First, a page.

How Game Conventions Reflect the Worries of D&D Next

Regardless of who you are, you probably know that “extra-special” gamer fellow who needs a little bit of help with his math while playing Pathfinder or who wears shirts too small for himself in mixed company, or who waits until his turn round the table to get his dice from his bag. Maybe he thinks “are you a werewolf?” is a good game. Or perhaps he’s into every new miniatures game that gets released and spends his life savings on figs, paints, and cases to store it all in. Maybe he has trouble remembering the simple eurogames scoring algorithm that is identical across 88% of that arm of the hobby. Or he’s the extra special player who always wants diagonal to be adjacent, even though it never is. Maybe he brings a dump-truck full of terrain bits to the FLGS every saturday morning and spends 6 hours prepping for a 4 hour game of Warhammer.

If you are anything like me, your special friend is 50% of the local game convention, people you instantly can see from the looks of them have “special gamer needs.” And while there is nothing that can be done for these players, we all endure them. As gamers, we have a special knack for accepting nearly every proclivity known to man. Now, maybe the convention isn’t a perfect sample of the gaming community at large. Perhaps only 25% of the gaming community is special needs. Perhaps if I went to my local FLGS (a horrible den called the War House that I will never visit again) I could assume that 105% of the gaming industry has a knack for some kind of brain damaged behavior.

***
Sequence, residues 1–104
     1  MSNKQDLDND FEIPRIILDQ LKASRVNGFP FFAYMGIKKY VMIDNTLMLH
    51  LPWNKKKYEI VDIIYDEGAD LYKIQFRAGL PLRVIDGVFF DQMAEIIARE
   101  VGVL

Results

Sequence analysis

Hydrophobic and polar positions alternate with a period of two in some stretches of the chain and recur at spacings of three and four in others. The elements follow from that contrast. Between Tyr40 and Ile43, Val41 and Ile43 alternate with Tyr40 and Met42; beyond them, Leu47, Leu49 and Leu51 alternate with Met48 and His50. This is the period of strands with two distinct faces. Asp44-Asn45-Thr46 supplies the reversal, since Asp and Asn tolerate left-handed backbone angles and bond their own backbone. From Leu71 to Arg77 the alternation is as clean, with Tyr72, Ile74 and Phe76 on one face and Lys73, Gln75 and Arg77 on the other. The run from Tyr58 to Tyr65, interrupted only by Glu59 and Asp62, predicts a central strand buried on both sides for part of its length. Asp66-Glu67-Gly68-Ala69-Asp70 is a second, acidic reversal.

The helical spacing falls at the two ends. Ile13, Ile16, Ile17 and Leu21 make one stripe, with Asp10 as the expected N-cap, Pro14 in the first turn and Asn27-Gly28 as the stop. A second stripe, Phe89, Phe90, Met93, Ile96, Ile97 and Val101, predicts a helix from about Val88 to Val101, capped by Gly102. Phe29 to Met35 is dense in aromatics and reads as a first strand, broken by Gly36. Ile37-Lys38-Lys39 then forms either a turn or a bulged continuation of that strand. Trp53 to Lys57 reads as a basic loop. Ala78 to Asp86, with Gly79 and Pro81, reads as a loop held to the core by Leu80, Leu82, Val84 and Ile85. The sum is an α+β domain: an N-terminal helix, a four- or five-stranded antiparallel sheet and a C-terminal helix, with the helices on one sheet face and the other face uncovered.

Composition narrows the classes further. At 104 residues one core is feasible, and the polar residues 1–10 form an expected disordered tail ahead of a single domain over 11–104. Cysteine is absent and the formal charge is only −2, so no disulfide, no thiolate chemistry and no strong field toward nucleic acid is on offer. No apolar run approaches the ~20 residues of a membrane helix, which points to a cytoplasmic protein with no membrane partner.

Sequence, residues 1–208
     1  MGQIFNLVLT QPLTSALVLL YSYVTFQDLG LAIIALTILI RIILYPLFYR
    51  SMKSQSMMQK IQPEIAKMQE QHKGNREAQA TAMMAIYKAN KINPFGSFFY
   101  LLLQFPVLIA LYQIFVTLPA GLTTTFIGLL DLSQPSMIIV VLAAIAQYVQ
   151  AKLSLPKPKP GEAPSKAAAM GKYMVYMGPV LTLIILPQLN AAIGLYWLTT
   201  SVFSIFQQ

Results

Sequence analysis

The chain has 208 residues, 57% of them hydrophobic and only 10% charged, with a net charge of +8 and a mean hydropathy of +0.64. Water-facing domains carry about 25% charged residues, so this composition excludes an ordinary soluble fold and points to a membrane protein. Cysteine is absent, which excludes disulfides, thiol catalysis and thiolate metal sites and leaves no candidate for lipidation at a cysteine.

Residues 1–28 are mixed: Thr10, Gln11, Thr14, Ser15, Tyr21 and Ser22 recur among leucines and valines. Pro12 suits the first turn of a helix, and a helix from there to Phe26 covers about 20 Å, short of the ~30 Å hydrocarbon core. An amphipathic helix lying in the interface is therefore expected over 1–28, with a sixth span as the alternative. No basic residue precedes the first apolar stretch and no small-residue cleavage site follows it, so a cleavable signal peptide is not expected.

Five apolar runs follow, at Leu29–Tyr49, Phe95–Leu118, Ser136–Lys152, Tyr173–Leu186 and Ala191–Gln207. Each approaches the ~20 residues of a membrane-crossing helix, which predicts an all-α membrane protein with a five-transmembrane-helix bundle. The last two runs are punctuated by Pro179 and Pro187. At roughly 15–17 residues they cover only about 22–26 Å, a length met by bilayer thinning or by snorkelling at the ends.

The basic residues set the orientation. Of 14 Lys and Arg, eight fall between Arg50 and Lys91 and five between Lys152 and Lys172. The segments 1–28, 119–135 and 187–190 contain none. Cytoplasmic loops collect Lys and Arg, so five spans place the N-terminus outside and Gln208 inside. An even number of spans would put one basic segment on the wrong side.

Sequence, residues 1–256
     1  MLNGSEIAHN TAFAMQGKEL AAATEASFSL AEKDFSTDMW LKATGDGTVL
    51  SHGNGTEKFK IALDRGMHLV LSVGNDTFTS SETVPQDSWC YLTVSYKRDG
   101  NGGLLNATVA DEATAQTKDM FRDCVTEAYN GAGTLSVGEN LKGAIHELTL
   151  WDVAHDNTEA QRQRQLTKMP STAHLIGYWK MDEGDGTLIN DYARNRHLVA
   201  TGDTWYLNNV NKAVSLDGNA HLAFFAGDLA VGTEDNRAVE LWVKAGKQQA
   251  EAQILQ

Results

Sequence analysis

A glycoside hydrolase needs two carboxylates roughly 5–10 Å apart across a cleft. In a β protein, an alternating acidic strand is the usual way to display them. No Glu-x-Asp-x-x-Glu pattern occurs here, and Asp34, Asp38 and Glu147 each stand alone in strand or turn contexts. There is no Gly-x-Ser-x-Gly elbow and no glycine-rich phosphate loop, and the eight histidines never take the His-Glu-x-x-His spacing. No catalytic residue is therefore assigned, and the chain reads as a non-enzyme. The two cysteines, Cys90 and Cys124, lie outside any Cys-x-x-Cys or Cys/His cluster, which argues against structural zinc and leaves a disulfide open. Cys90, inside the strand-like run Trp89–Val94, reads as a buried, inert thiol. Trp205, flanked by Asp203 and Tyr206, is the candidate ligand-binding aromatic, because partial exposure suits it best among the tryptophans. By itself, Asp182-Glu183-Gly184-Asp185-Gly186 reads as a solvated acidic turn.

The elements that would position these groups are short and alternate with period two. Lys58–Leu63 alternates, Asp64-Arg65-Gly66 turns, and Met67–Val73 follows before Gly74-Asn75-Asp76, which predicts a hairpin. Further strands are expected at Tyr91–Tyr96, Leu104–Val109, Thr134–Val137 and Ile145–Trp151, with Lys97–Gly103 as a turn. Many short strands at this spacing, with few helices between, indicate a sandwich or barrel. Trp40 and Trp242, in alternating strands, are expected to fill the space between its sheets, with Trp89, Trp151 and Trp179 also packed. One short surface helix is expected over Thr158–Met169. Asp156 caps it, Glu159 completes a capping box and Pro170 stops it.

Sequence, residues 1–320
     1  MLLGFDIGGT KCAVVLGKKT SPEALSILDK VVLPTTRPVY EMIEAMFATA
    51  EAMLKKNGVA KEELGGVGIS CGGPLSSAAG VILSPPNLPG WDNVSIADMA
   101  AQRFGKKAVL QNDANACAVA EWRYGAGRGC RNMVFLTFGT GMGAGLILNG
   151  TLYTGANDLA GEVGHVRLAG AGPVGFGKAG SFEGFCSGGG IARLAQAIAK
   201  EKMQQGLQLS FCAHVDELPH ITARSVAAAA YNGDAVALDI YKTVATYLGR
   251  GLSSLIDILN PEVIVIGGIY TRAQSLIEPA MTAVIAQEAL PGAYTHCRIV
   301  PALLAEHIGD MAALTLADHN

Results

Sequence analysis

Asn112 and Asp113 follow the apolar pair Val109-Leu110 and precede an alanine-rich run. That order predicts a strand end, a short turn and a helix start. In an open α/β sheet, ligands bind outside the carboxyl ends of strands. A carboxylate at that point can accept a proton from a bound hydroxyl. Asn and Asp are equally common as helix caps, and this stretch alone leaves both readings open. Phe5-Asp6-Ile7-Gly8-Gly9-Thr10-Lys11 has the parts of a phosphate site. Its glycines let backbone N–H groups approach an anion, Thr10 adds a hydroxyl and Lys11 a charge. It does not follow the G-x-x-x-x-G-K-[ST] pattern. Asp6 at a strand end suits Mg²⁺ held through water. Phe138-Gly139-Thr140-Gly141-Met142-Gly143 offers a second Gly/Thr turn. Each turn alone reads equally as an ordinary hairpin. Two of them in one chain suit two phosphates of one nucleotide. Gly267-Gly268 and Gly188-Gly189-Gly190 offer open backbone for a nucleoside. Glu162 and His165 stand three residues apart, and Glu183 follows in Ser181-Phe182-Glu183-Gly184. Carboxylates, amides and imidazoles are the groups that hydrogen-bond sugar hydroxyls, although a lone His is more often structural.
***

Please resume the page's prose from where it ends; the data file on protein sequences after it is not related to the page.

But I’m not here to make fun of gamers who are different than me. And I’m not here to use my site as a soap box for the high levels of aspergers that exists in our hobby while we all look away and just shrug. “Meh.”

30 Years ago, the industry was an homogeny of white, midwestern, pasty faced math nerd males who went from doing science during the day to rolling up 1st-level wizards by night. By the late 70s, there were some 20 games (of value) to choose from and everyone knew the names of all of them. As the hobby grew, so did diversity of choice and the people making those choices. Video games drove a lot of the anti-social gamers out of the hobby, so they could play mudds, diablo, and bejeweled 7 in the privacy of their gamer cocoons. And the hobby grew more diverse. Vampire came along, bringing hot girls into the hobby. Shortly thereafter, CCGs came along and now rich college students could win at games when before they would roleplay and not win anything. And the hobby grew more diverse. But then RPGs died for a little bit, until 3rd edition came along. But the hobby didn’t grow more diverse then. D&D became cool again. Collectible minis were cool. Board games were cool. All of a sudden, there was a resurgence of interest, but in order to love Euro Games or D&D or Mage Knights, you have to start from scratch. You threw out all your old books. Or your started investing time and money into something new.